Hermitian adjoint


In mathematics, specifically in operator theory, each linear operator on an inner product space defines a Hermitian adjoint (or adjoint) operator on that space according to the rule

where is the inner product on the vector space.

The adjoint may also be called the Hermitian conjugate or simply the Hermitian[1] after Charles Hermite. It is often denoted by A in fields like physics, especially when used in conjunction with bra–ket notation in quantum mechanics. In finite dimensions where operators can be represented by matrices, the Hermitian adjoint is given by the conjugate transpose (also known as the Hermitian transpose).

The above definition of an adjoint operator extends verbatim to bounded linear operators on Hilbert spaces . The definition has been further extended to include unbounded densely defined operators, whose domain is topologically dense in, but not necessarily equal to,

Informal definition edit

Consider a linear map   between Hilbert spaces. Without taking care of any details, the adjoint operator is the (in most cases uniquely defined) linear operator   fulfilling


where   is the inner product in the Hilbert space  , which is linear in the first coordinate and conjugate linear in the second coordinate. Note the special case where both Hilbert spaces are identical and   is an operator on that Hilbert space.

When one trades the inner product for the dual pairing, one can define the adjoint, also called the transpose, of an operator  , where   are Banach spaces with corresponding norms  . Here (again not considering any technicalities), its adjoint operator is defined as   with


I.e.,   for  .

The above definition in the Hilbert space setting is really just an application of the Banach space case when one identifies a Hilbert space with its dual. Then it is only natural that we can also obtain the adjoint of an operator  , where   is a Hilbert space and   is a Banach space. The dual is then defined as   with   such that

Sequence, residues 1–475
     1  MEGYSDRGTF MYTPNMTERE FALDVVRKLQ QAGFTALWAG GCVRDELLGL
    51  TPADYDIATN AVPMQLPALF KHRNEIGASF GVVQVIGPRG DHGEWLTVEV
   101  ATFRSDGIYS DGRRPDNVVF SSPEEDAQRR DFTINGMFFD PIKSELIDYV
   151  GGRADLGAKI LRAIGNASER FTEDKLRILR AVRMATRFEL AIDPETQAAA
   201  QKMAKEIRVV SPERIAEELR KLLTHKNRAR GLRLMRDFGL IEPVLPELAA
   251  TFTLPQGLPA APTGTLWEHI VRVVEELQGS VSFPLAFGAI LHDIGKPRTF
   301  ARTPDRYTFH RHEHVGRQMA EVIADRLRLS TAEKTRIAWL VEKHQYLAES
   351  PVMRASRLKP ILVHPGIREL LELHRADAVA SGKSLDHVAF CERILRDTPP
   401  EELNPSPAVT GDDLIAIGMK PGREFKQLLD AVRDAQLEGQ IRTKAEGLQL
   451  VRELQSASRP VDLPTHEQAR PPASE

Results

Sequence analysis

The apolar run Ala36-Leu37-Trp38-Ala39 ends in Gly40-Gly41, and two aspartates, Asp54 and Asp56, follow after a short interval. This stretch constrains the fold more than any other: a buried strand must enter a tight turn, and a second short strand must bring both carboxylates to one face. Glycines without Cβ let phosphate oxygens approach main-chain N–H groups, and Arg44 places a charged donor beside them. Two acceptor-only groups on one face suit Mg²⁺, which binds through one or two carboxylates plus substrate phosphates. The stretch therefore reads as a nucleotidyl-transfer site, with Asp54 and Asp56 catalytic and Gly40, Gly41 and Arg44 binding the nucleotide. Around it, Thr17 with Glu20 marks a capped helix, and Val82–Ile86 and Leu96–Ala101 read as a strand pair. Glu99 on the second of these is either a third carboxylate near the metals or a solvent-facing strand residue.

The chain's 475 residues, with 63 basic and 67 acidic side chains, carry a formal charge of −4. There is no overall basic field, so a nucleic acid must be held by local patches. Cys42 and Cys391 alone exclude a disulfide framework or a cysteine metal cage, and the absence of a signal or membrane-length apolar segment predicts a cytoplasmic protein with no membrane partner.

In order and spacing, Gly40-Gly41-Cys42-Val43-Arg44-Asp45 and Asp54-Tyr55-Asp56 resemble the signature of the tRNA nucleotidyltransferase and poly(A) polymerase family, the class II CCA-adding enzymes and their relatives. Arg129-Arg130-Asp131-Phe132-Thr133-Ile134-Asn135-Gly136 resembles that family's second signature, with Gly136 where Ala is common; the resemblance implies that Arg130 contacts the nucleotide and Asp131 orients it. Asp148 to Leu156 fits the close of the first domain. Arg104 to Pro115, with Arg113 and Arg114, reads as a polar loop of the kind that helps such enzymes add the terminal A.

Definition for unbounded operators between Banach spaces edit

Let   be Banach spaces. Suppose   and  , and suppose that   is a (possibly unbounded) linear operator which is densely defined (i.e.,   is dense in  ). Then its adjoint operator   is defined as follows. The domain is


Now for arbitrary but fixed   we set   with  . By choice of   and definition of  , f is (uniformly) continuous on   as  . Then by the Hahn–Banach theorem, or alternatively through extension by continuity, this yields an extension of  , called  , defined on all of  . This technicality is necessary to later obtain   as an operator   instead of   Remark also that this does not mean that   can be extended on all of   but the extension only worked for specific elements  .

Now, we can define the adjoint of   as


The fundamental defining identity is thus


Definition for bounded operators between Hilbert spaces edit

Suppose H is a complex Hilbert space, with inner product  . Consider a continuous linear operator A : HH (for linear operators, continuity is equivalent to being a bounded operator). Then the adjoint of A is the continuous linear operator A : HH satisfying


Existence and uniqueness of this operator follows from the Riesz representation theorem.[2]

This can be seen as a generalization of the adjoint matrix of a square matrix which has a similar property involving the standard complex inner product.

Properties edit

The following properties of the Hermitian adjoint of bounded operators are immediate:[2]

  1. Involutivity: A∗∗ = A
  2. If A is invertible, then so is A, with  
  3. Conjugate linearity:
  4. "Anti-distributivity": (AB) = BA

If we define the operator norm of A by






One says that a norm that satisfies this condition behaves like a "largest value", extrapolating from the case of self-adjoint operators.

The set of bounded linear operators on a complex Hilbert space H together with the adjoint operation and the operator norm form the prototype of a C*-algebra.

Adjoint of densely defined unbounded operators between Hilbert spaces edit

Definition edit

Let the inner product   be linear in the first argument. A densely defined operator A from a complex Hilbert space H to itself is a linear operator whose domain D(A) is a dense linear subspace of H and whose values lie in H.[3] By definition, the domain D(A) of its adjoint A is the set of all yH for which there is a zH satisfying